Saturday, 26 February 2011

Caught in a Bad Romance

Hate, A Romance, by the emergent French novelist Tristan Garcia, is a difficult book to read. It is difficult - not because of the writing, or the language, or even the complex socio-political themes - but because, at the heart of the book, is the idea that the human condition is an inherently lonely, isolated state.

Revolving around a close-knit group of friends and lovers (Willie, Dominique, Jean-Michel and Liz), the novel explores the theory that all human relationships are fluid and impermanent. It is unsettling for the reader to consider the possibility that, despite being part of a complex social structure, eventually all human bonds break down. Whether this happens as a result of disloyalty, envy, hate or death is irrelevant – the point is: it happens.

The novel spans the period from the early seventies to the late noughties, with much of the action set against the backdrop of the explosive homosexual revolution of the early eighties. Willie and Dominique are in an apparently loving gay relationship, while Liz and Jean-Michel (Leibo) embark on a decades-long affair. Willie is introduced to Paris’s gay scene by the older and more experienced Dominique, and together they explore and enjoy the burgeoning sexual liberation afforded to homosexuals during that period.

But, nothing lasts forever. Everything changes. A newcomer arrives on the scene intent on spoiling the party; the arrival of AIDS causes the euphoria of the period to give way to fear and suspicion.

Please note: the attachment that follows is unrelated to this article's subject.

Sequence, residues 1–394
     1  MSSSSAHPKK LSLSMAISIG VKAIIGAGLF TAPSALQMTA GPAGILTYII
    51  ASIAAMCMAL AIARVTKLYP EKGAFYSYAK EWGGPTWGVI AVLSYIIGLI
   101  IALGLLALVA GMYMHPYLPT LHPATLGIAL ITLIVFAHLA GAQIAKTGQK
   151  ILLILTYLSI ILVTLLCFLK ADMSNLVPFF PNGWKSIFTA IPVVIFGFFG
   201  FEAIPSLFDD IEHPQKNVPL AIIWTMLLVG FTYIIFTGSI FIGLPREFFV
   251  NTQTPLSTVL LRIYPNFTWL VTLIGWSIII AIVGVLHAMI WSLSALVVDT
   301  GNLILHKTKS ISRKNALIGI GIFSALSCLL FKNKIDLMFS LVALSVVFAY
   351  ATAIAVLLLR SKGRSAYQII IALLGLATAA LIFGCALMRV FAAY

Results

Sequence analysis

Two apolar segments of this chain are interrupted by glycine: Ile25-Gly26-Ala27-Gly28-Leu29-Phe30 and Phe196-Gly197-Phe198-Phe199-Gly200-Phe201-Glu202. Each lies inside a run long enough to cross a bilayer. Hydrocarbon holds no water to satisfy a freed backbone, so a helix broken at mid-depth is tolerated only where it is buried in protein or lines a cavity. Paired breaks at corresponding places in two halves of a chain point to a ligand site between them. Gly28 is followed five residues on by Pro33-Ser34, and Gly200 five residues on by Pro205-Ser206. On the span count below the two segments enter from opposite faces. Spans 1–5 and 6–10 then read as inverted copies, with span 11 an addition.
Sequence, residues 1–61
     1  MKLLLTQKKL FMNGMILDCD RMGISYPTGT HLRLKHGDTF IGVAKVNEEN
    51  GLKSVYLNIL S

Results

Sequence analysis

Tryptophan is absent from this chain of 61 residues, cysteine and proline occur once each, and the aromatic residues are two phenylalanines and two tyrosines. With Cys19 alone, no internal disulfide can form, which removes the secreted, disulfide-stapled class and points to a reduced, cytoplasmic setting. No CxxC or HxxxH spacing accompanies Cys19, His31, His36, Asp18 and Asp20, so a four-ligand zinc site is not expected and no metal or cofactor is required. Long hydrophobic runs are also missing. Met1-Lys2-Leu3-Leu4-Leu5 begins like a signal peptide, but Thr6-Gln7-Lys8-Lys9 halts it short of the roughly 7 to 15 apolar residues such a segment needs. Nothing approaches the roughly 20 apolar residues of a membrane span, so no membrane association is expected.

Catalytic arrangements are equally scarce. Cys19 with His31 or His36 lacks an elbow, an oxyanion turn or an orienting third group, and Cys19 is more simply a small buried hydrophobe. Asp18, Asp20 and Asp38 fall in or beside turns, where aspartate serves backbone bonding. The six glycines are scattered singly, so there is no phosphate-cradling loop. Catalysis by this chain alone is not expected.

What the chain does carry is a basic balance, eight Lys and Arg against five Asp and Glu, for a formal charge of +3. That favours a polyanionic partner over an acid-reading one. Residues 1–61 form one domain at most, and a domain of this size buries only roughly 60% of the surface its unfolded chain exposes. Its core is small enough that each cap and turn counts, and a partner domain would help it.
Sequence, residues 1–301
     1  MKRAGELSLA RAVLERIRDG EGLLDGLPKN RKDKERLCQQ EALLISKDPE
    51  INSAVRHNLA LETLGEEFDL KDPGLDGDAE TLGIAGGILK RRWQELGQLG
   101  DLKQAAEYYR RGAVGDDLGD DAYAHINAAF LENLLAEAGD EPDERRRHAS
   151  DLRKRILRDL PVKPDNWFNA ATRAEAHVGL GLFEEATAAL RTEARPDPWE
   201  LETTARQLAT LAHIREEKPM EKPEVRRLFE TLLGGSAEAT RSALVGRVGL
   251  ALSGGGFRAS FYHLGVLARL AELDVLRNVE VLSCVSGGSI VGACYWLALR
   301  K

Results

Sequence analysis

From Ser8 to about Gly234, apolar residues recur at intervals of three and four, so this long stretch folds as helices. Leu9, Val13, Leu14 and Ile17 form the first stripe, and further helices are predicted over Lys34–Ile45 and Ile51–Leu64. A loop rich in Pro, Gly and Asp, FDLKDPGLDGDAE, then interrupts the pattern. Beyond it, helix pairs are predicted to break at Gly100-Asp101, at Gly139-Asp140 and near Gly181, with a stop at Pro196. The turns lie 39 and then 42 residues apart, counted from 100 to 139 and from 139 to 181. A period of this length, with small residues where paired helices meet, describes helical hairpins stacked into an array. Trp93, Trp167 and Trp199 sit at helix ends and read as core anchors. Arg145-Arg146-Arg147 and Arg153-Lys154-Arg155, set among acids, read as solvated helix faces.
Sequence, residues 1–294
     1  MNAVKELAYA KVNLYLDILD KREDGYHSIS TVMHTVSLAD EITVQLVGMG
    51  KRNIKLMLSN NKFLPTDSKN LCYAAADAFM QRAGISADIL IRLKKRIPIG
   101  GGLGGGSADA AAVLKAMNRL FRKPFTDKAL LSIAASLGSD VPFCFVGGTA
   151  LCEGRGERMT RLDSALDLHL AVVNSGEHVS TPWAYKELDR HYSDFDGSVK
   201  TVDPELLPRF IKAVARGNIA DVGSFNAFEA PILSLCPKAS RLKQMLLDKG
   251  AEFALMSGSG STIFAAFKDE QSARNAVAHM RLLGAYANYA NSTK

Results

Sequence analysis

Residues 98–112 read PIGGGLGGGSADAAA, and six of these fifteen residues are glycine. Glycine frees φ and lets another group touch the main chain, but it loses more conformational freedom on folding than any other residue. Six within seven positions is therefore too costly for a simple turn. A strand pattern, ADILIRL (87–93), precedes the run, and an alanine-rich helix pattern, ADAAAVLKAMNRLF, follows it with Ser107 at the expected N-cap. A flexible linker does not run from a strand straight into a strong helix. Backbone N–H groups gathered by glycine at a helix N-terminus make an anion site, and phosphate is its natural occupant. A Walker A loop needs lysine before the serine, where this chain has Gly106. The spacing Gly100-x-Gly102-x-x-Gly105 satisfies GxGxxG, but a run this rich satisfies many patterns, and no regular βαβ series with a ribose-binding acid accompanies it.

Dominique is HIV positive and eventually Willie contracts the virus as well. Not content with eating away their weakening bodies, the disease also consumes all that is good in their relationship. (It remains unclear whether Dominique infected Willie – certainly accusations are bandied about, but the reader remains unsure.) In this insidious atmosphere, we witness the breakdown of friendships and love affairs. Connections that once seemed inextricably linked become disentangled. The bonds between all four protagonists eventually come undone: love turns to hate, loyalty to betrayal, friends become enemies, life gives way to death. Ultimately, as the title suggests, familiarity will always breed contempt in the end.

This novel is not for the faint-hearted. It is complex, multi-layered and challenging, dealing with a wide range of philosophical and political themes. A story of life, love and loss, the novel forces the reader to confront issues that we generally prefer to ignore. The author’s remarkable philosophical insight and brilliant command of narrative makes this a highly readable, if somewhat harrowing, piece of work.

This debut offering has thrust Tristan Garcia to the forefront of the French literary scene. He is undoubtedly the most exciting novelist to come out of France since Michel Houellebecq. One to watch.

Hate, A Romance is published by Faber and Faber.

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